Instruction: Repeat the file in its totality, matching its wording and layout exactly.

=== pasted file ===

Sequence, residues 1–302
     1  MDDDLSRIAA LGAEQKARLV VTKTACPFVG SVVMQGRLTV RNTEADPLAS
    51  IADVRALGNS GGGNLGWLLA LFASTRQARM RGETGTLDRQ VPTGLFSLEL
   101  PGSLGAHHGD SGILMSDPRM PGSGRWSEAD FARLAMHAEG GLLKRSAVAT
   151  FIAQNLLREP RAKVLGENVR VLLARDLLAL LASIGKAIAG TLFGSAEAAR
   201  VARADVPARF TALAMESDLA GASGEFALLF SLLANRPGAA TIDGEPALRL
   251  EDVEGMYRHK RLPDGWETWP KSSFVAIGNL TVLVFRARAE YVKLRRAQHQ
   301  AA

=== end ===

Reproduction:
Sequence, residues 1–302
     1  MDDDLSRIAA LGAEQKARLV VTKTACPFVG SVVMQGRLTV RNTEADPLAS
    51  IADVRALGNS GGGNLGWLLA LFASTRQARM RGETGTLDRQ VPTGLFSLEL
   101  PGSLGAHHGD SGILMSDPRM PGSGRWSEAD FARLAMHAEG GLLKRSAVAT
   151  FIAQNLLREP RAKVLGENVR VLLARDLLAL LASIGKAIAG TLFGSAEAAR
   201  VARADVPARF TALAMESDLA GASGEFALLF SLLANRPGAA TIDGEPALRL
   251  EDVEGMYRHK RLPDGWETWP KSSFVAIGNL TVLVFRARAE YVKLRRAQHQ
   301  AA